Sharleen Weber-Smith, a teacher, shares her volunteer experience with CCF and why she has extended her stay
‘Sousadai. Knyom chmoua Sharleen’, (Hello, my name is Sharleen), or ‘‘Sang-Leen’, which is my sort-of adopted Khmer name. It’s tough to say ‘sh’ if you’re Cambodian!
I am currently volunteering as a Teacher Development Advisor| Learning and Teaching Coach. I’ve loved the experience so much that I’ve asked to stay longer. It seems this is not an uncommon experience. While CCF’s vision continues to transform impoverished communities, it seems it can also touch other people’s lives beyond the former city dump zone of Steung Meanchey.
Five years ago, I wouldn’t have believed you if you told me my life was going to completely change. Back then, I would not have been labelled as the most adventurous person in my circle of family and friends. I wouldn’t have believed you if you told me I would eventually give away most of my earthly possessions, sell my house and car in the leafy suburbs of Adelaide, Australia.
I wouldn’t have believed you if you told me I would exchange this for several teaching contracts over several years with international schools on the Indonesian islands of Borneo and Bali, take up trekking as a new hobby to haul myself up Mt Kinabalu in Malaysian Borneo, cross the interior of Indonesian Borneo from East to West, successfully complete the Everest Base Camp trek in the Himalayas, go solo trekking in Scotland, and gain an advanced scuba diving ticket in Sulawesi.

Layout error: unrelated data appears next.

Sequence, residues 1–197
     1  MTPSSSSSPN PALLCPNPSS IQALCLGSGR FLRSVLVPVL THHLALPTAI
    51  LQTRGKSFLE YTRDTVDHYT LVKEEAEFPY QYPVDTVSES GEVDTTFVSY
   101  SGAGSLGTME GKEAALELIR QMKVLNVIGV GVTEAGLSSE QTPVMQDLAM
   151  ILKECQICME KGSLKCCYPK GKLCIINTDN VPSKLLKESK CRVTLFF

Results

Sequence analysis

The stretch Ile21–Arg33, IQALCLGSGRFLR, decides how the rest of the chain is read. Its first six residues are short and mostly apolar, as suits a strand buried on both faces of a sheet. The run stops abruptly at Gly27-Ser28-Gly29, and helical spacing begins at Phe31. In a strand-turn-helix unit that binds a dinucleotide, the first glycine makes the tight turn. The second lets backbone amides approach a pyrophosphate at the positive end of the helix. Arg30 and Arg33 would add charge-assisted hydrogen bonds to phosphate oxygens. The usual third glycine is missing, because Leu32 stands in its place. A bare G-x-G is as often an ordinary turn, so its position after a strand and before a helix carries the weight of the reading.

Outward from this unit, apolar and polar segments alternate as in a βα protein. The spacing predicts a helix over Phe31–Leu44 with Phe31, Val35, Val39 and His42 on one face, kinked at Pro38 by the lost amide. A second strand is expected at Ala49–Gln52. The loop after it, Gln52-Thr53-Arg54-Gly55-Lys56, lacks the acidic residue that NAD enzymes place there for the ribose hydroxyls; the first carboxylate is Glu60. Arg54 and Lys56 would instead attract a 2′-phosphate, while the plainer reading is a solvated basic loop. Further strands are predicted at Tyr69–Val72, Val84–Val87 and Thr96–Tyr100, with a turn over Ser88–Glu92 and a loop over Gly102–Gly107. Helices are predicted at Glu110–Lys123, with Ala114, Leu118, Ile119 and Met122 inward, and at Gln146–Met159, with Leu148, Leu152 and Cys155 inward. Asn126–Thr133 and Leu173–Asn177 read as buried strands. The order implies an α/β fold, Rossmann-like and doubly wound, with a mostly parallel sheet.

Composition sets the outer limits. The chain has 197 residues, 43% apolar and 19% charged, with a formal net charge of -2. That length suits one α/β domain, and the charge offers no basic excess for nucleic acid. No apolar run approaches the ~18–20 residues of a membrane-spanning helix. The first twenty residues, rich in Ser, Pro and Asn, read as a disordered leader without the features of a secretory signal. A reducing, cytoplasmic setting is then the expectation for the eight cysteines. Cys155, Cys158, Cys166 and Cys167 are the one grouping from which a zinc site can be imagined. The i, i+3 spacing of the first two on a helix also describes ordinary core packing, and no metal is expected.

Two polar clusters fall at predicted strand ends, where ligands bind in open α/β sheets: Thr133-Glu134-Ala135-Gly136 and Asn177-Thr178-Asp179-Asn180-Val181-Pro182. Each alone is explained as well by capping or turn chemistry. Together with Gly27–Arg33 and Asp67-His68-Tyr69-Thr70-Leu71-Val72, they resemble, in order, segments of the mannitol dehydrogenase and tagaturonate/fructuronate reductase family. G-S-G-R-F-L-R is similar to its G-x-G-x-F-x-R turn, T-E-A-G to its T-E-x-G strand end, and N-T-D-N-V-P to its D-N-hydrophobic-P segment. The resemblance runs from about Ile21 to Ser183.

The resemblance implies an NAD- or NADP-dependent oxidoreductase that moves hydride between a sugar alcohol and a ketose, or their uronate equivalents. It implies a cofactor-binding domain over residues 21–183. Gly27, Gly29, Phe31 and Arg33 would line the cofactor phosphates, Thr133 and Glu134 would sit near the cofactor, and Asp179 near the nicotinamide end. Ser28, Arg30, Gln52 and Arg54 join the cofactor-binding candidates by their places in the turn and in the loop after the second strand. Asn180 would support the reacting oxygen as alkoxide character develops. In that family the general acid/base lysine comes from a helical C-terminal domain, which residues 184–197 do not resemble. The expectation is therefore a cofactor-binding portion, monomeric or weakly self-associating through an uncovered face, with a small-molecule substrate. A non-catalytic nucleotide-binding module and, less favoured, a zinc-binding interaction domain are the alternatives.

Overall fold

My life has undergone an almost complete transformation. However, some other things have not changed for me. I still believed that education has the power to change lives. I know this to be true because education changed my life and I wouldn’t have had those experiences I just mentioned unless education played a major part. I wouldn’t be here writing this piece about volunteering in another part of this planet.
I had volunteered in my spare time in several short-term projects and had enjoyed the rewarding experiences. Mention was made of Scott Neeson and CCF. When I checked his story out, I realised I had read about it several years earlier in Adelaide’s newspaper, ‘The Advertiser.’ When I compared CCF to other NGOs, I was drawn to the sustainable and transformative effect CCF seemed to have had with the community of Steung Meanchey.
I wasn’t interested in a FIFO (fly in, fly out) one-off travel experience or ‘voluntourism’ package, and was glad to see the minimum self-funded volunteer commitment was for three months. I almost instantly applied for a volunteer role in the field of education and within a few days, a Skype meeting was arranged with CCF. The question was raised, “How soon can you start?” Five months later, I now wonder if my question will be, “Does this have to end?”
So, here I am in Phnom Penh, Cambodia, creating a new life chapter with these delightfully, endearing kids at the satellite schools in Steung Meanchey.
I have the privilege to share my skills with them as they create their life chapters for their own Cambodian stories.
Creating stories together is our favourite thing to do. We have already created and ‘published’ several fold-out books and a Powerpoint e-book, despite their limited English and my limited Khmer. I’m pretty sure ‘What am I?’ ‘The Ginger Giraffe’ and ‘The Green Tree’ are going to become bestsellers!